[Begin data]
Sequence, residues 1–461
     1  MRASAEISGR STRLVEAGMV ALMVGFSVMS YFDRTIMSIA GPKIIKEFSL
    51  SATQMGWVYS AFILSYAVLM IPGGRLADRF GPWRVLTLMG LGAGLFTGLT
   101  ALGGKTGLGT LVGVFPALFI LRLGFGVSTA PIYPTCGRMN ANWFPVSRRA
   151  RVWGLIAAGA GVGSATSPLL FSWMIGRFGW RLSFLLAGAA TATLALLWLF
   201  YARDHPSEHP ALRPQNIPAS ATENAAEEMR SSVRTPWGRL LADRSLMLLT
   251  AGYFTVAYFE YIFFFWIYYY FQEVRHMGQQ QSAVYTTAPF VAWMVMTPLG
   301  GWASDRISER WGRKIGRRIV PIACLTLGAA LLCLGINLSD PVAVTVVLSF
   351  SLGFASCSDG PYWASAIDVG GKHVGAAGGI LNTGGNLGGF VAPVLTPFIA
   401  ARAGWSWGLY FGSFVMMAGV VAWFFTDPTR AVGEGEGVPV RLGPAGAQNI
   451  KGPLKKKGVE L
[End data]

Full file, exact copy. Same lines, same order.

Sequence, residues 1–461
     1  MRASAEISGR STRLVEAGMV ALMVGFSVMS YFDRTIMSIA GPKIIKEFSL
    51  SATQMGWVYS AFILSYAVLM IPGGRLADRF GPWRVLTLMG LGAGLFTGLT
   101  ALGGKTGLGT LVGVFPALFI LRLGFGVSTA PIYPTCGRMN ANWFPVSRRA
   151  RVWGLIAAGA GVGSATSPLL FSWMIGRFGW RLSFLLAGAA TATLALLWLF
   201  YARDHPSEHP ALRPQNIPAS ATENAAEEMR SSVRTPWGRL LADRSLMLLT
   251  AGYFTVAYFE YIFFFWIYYY FQEVRHMGQQ QSAVYTTAPF VAWMVMTPLG
   301  GWASDRISER WGRKIGRRIV PIACLTLGAA LLCLGINLSD PVAVTVVLSF
   351  SLGFASCSDG PYWASAIDVG GKHVGAAGGI LNTGGNLGGF VAPVLTPFIA
   401  ARAGWSWGLY FGSFVMMAGV VAWFFTDPTR AVGEGEGVPV RLGPAGAQNI
   451  KGPLKKKGVE L